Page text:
The oil and gas sector could create up to 39,000 jobs in the UK over the next two years, according to new research released today from the Royal Bank of Scotland.
In recent years the sector has suffered from a severe skills shortage, with this resulting in wage increases hitting an all-time high in 2013 to attract qualified staff.
Dr Alix Thom, Oil & Gas UK’s employment and skills issues manager, says that despite the skills gap, the sector continues to attract a huge amount of investment, with last year alone seeing record levels of £14.4bn.
“Companies are very willing to invest in what is a very buoyant market, resulting in high levels of activity which, in turn, generates well rewarded employment opportunities,” he said.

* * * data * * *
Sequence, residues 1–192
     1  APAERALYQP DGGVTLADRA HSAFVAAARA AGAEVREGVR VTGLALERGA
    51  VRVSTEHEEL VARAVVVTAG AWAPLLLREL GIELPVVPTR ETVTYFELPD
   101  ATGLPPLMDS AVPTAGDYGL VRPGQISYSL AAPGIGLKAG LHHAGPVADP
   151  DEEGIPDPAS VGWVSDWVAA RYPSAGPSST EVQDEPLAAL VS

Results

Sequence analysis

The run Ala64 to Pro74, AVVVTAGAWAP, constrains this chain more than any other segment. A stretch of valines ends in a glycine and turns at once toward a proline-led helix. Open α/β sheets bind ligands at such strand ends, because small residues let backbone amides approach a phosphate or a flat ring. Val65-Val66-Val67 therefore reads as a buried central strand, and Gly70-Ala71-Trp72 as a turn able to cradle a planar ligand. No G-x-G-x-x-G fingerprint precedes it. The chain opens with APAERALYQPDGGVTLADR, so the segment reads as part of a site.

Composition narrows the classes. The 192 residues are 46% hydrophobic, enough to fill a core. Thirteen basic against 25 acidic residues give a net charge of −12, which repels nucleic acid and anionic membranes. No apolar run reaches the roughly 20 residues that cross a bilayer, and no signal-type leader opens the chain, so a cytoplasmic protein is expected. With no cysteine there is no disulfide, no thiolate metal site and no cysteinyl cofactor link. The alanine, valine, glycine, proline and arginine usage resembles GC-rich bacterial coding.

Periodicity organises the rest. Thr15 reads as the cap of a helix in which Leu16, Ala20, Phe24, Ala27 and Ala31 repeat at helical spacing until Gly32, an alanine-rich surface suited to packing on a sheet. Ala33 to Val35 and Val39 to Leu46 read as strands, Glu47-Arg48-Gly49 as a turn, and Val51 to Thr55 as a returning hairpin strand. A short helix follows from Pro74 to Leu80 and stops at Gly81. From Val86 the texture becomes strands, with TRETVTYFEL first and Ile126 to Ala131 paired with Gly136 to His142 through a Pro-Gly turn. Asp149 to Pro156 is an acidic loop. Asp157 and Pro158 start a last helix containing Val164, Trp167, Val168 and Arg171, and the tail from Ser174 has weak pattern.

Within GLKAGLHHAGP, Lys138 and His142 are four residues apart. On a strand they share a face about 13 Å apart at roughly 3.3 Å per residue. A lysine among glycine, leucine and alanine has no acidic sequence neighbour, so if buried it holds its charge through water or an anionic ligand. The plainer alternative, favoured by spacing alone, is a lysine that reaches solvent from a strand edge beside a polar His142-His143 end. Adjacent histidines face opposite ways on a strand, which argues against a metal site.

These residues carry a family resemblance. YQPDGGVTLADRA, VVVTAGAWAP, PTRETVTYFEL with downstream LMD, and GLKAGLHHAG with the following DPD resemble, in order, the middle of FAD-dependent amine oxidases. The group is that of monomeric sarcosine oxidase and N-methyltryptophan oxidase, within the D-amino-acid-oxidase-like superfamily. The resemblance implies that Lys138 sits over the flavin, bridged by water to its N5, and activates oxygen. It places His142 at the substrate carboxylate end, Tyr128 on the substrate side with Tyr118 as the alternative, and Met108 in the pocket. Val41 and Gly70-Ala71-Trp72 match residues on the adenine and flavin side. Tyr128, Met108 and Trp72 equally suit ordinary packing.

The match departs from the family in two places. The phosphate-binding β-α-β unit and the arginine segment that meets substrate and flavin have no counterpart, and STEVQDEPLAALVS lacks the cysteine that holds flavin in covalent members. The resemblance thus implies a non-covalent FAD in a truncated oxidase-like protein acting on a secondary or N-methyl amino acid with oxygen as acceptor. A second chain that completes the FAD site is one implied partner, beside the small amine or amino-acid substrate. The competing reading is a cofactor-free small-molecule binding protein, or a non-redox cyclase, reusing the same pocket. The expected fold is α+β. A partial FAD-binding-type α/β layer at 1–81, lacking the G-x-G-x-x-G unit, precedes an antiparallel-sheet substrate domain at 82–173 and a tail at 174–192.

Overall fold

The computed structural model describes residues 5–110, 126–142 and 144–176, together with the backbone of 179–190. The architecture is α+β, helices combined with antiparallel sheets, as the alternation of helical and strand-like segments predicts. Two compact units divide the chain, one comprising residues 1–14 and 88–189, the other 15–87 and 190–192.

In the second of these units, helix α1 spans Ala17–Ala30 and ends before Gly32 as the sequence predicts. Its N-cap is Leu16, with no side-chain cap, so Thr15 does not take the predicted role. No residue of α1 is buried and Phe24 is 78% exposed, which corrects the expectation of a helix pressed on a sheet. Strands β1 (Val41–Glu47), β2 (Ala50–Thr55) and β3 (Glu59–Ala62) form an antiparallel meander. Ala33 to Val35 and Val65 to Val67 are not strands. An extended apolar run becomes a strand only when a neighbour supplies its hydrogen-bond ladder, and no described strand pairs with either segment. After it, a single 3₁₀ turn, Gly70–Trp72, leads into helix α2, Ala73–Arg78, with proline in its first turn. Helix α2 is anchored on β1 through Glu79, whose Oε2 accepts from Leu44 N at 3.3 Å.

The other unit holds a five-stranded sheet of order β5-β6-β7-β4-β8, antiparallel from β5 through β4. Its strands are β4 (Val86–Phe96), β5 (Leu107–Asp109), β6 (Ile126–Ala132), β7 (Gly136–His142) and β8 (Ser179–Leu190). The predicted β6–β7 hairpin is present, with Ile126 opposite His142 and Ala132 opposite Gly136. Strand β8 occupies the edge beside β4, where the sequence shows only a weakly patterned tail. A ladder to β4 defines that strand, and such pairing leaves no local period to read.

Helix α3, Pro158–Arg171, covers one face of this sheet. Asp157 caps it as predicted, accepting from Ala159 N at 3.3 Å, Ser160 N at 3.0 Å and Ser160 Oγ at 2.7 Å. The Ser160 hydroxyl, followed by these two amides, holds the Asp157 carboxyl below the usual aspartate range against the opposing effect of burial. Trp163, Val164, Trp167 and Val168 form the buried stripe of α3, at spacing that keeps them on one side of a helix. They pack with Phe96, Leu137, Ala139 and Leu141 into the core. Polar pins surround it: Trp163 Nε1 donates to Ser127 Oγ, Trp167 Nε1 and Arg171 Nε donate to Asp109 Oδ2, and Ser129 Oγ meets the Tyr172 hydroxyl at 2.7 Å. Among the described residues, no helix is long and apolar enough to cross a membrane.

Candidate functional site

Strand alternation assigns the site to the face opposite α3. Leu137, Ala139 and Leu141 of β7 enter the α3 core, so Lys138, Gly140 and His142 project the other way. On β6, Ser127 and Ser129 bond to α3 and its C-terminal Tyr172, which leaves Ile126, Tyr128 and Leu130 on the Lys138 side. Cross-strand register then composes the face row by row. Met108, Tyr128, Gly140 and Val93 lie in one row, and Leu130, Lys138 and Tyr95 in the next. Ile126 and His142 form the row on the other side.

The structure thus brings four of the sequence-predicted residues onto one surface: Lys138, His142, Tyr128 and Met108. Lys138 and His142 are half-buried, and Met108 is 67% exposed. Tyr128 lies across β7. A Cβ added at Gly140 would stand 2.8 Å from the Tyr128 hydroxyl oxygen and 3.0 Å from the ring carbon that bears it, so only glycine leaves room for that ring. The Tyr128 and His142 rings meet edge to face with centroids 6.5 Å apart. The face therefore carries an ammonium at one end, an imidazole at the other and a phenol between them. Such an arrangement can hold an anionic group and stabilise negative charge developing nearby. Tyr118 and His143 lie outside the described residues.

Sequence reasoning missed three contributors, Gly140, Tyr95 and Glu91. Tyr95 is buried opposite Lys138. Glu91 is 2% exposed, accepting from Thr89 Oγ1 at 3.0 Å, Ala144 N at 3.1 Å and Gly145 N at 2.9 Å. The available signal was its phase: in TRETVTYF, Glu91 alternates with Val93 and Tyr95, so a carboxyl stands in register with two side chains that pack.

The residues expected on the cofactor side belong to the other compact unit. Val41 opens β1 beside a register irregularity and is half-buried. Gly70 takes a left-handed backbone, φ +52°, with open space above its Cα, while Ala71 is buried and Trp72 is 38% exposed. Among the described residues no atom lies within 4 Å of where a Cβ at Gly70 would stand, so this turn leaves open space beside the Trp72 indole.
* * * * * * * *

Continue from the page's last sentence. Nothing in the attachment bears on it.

“The industry is actively addressing the skills shortage in the short and long term in a number of ways. For example, the industry continues to be successful in attracting school leavers and graduates by engaging with young people to encourage the uptake of STEM (science, technology, engineering and maths) subjects and stimulate interest in the sector.”
Dr Thom added he is also seeing a number of retirees returning to work in the sector in a number of flexible arrangements in order to share skills, experience and knowledge with younger colleagues.
“Other initiatives include helping to facilitate the transition of skilled people into the industry from other sectors, including the UK armed forces where skills such as engineering, logistics and project management are widely transferable to the oil and gas industry,” he said.
The job creation was under way this week, with GE Oil & Gas announcing it is to recruit 152 staff in a £15m investment in its Newcastle site, while German company Freudenberg has created 60 jobs in the Welsh town of Port Talbot.